After years as an underground remedy, Pedialyte is now being marketed to partying adults. Problem is, it’s no more helpful than water.
Research hasn’t yet borne out whether sports breed go-getters or whether they attract kids with a knack for navigating the professional world.
There are two types of people in the world: those with hundreds of unread messages, and those who can’t relax until their inboxes are cleared out.
Potentially deadly car parts shouldn’t be the least of everyone’s worries—but they shouldn’t be the most urgent, either.
A new survey takes stock of the people on the ground who provide services like Uber’s and Instacart’s—as well as those workers’ needs and wants.
An extra inch correlates with an estimated $800 in increased annual earnings.
In the Mexican state of Baja California, the government is moving toward subsidizing workers’ pay. Could that catch on in America?
Or Mailchimp, or Audible, or LegalZoom
People with lower incomes have just as much of an appetite for information, but few media outlets keep them in mind. Can that imbalance be fixed?
A conversation with the CEO of Private Islands Inc.
People avoid going out by themselves because they think they'll appear antisocial, but it turns out they'll end up having a lot more fun than they expected.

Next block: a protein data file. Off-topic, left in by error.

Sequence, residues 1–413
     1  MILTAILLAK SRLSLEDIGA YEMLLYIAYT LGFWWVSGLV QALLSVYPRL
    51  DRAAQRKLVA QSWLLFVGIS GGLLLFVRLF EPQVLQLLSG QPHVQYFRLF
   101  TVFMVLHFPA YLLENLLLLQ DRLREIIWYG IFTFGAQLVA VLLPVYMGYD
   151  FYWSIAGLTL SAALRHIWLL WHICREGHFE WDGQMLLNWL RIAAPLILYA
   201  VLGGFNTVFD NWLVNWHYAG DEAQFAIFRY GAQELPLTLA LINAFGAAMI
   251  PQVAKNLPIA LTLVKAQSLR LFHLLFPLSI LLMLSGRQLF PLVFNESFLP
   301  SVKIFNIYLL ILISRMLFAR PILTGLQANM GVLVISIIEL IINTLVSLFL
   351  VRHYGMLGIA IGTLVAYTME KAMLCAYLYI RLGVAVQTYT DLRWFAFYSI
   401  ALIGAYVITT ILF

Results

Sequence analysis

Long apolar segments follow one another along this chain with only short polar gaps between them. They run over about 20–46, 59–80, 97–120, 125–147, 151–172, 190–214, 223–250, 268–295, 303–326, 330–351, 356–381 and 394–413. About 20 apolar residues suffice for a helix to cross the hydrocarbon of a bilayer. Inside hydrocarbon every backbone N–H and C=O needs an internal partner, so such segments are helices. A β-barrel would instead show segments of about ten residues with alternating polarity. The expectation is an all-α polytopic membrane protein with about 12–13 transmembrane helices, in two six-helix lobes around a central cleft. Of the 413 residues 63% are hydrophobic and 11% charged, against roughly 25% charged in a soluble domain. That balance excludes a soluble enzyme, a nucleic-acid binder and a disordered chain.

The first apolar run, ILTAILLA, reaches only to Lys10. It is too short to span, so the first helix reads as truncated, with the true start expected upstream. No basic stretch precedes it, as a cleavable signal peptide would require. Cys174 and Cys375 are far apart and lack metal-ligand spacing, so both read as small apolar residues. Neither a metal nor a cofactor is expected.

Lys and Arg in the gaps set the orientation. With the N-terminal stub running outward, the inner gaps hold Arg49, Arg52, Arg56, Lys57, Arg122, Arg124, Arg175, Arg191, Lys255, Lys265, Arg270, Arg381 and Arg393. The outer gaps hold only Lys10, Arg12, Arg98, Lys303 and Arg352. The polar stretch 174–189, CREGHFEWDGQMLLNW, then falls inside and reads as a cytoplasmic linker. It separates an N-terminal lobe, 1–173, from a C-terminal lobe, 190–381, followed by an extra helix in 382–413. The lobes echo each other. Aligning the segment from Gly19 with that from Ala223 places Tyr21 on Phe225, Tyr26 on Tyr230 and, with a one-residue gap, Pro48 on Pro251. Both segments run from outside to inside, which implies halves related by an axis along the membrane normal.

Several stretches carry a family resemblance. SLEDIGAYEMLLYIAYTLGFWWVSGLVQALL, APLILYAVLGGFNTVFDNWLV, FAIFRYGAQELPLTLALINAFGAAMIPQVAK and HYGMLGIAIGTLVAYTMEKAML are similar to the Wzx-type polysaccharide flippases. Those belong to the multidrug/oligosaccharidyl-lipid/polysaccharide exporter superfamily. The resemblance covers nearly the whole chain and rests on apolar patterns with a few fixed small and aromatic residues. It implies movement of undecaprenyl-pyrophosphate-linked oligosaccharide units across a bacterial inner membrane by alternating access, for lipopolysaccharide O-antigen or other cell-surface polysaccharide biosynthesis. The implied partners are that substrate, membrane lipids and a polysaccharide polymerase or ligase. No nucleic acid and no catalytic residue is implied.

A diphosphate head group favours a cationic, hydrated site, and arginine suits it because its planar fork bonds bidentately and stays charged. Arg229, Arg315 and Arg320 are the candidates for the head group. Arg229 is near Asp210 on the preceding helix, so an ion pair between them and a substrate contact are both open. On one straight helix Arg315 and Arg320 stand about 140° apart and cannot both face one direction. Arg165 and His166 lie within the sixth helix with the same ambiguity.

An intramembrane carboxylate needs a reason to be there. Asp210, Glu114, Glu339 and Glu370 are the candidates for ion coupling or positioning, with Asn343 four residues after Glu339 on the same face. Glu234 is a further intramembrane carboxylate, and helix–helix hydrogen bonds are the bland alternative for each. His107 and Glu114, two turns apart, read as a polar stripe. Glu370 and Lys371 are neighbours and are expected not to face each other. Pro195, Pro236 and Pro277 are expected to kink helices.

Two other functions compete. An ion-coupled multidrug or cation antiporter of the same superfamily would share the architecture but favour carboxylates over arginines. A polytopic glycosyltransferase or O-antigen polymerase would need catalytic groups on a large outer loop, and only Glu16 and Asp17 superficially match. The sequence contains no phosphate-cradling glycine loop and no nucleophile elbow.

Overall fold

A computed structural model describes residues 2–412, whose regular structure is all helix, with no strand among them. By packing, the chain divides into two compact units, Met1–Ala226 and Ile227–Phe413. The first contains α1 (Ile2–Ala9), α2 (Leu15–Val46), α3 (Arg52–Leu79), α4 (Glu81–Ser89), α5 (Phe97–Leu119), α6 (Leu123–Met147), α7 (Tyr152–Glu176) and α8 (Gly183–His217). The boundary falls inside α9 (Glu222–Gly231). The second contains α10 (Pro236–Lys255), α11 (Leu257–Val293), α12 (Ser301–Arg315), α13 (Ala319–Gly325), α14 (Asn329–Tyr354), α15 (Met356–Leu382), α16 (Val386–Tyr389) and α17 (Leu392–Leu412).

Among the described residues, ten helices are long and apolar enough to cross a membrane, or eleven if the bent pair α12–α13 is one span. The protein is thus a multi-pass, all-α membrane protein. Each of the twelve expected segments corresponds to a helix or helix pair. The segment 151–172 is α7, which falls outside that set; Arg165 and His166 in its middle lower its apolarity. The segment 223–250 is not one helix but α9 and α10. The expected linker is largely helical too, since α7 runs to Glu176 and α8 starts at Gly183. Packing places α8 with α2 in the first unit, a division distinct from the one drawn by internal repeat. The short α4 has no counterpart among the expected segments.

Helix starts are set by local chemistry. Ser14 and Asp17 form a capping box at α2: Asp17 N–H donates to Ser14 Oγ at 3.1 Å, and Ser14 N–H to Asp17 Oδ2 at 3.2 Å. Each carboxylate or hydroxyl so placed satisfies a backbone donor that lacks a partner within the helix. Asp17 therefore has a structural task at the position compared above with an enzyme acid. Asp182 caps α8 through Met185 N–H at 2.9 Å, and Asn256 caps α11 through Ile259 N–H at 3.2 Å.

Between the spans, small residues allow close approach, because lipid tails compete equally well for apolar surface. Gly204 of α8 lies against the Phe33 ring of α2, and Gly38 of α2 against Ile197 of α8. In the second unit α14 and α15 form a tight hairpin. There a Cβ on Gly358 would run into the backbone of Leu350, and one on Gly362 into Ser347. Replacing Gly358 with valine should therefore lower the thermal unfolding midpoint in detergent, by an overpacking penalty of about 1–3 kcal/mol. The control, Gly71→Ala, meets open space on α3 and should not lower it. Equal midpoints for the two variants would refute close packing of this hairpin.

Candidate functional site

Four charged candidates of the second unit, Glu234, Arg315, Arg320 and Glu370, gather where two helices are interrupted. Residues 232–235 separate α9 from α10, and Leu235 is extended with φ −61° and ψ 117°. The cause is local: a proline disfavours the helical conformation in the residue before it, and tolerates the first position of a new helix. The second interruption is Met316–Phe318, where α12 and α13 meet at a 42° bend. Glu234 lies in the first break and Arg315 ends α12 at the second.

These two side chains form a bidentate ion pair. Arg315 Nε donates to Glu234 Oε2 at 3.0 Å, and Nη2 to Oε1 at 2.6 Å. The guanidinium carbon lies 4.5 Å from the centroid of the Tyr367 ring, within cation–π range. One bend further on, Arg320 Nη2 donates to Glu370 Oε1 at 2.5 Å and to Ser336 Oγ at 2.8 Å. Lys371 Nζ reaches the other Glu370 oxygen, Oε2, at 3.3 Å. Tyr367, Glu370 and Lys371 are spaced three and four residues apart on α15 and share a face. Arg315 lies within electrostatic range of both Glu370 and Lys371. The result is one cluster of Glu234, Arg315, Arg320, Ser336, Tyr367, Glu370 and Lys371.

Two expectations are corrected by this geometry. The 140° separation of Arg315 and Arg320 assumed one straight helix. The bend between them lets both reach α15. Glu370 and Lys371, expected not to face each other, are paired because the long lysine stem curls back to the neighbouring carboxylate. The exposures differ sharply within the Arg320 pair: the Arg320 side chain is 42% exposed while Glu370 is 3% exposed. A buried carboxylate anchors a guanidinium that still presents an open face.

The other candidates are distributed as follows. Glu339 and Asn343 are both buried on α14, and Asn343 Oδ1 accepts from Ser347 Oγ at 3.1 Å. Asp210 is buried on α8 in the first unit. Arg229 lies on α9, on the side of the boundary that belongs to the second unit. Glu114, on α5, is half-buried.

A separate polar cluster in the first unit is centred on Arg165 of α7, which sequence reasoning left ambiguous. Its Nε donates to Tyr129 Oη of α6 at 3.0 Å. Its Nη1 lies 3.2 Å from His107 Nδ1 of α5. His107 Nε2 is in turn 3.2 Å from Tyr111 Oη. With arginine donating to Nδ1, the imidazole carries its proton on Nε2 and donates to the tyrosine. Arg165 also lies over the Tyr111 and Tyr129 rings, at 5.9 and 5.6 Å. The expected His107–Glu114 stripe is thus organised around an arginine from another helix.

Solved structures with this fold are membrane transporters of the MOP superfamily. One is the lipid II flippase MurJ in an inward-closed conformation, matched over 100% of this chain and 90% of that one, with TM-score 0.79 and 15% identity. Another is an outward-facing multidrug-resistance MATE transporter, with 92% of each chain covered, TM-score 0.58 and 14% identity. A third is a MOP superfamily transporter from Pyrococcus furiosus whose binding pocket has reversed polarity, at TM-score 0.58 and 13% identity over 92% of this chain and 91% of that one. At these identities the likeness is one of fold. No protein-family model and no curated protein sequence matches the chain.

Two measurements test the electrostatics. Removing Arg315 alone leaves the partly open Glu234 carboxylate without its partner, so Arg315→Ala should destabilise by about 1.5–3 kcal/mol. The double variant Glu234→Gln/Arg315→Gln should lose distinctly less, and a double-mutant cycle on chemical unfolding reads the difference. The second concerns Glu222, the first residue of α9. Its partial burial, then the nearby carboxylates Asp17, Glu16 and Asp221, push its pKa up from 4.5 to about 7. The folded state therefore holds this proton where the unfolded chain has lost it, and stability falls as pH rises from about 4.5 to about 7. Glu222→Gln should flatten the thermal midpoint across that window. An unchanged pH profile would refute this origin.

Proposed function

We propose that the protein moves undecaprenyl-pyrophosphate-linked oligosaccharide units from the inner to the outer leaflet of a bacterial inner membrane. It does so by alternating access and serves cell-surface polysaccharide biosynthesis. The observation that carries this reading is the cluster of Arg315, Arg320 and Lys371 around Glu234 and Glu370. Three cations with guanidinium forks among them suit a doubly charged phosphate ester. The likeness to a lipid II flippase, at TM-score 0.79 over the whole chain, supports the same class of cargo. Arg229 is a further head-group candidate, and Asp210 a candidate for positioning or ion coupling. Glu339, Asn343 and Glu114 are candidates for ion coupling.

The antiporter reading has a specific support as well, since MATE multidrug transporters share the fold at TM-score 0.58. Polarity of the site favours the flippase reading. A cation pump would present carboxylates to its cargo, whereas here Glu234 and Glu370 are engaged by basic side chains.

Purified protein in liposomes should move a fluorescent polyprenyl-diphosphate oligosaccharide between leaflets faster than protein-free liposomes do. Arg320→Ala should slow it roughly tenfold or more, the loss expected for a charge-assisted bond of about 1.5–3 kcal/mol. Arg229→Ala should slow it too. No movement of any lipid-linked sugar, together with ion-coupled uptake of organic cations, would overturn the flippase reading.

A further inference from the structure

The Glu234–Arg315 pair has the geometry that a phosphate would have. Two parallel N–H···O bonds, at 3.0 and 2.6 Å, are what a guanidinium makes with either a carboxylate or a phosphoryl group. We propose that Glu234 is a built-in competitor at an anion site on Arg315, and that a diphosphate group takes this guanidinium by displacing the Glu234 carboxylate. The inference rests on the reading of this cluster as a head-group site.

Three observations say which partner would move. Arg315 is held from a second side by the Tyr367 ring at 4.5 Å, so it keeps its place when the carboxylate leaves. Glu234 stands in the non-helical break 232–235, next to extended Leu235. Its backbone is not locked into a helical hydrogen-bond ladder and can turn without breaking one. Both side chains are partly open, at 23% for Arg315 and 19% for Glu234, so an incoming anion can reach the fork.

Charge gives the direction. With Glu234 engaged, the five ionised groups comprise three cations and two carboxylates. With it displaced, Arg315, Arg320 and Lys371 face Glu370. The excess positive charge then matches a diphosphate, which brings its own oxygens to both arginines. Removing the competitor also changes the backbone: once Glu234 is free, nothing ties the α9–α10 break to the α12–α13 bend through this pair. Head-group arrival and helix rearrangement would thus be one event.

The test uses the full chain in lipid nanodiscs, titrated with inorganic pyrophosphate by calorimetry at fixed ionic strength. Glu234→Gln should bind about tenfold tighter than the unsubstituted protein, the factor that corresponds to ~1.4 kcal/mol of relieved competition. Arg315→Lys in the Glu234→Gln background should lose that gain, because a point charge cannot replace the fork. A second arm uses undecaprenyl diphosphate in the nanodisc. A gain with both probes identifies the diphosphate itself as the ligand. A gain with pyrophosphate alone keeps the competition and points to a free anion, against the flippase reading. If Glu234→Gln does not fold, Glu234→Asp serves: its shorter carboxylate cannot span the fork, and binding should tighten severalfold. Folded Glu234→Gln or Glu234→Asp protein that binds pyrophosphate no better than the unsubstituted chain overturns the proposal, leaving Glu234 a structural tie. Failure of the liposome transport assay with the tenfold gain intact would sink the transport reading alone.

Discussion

Everyone knew you were probably illegal all along.
Formalwear elicits feelings of power, which change some mental processes.
The league shed its nonprofit status, giving the public one less thing to criticize.
Presenting American poverty as monochrome isn't just inaccurate—it reinforces the widespread belief that skin color has something to do with industriousness.
By presenting the same limited information to fliers in a very different way, carriers might be able to make everyone a little less aggravated.
It's well documented that people paying with plastic are willing to spend more than when paying with cash—a phenomenon everyone fancies themselves immune to.
Even for a company that's trying to produce driverless cars and "solve" mortality, getting employees to overcome their own biases is a challenge.
What do you get when you mix corporate interest with religiously motivated temperance? A whole lot of Budweiser.
On the present imperfections and compelling potential of Skype's real-time translation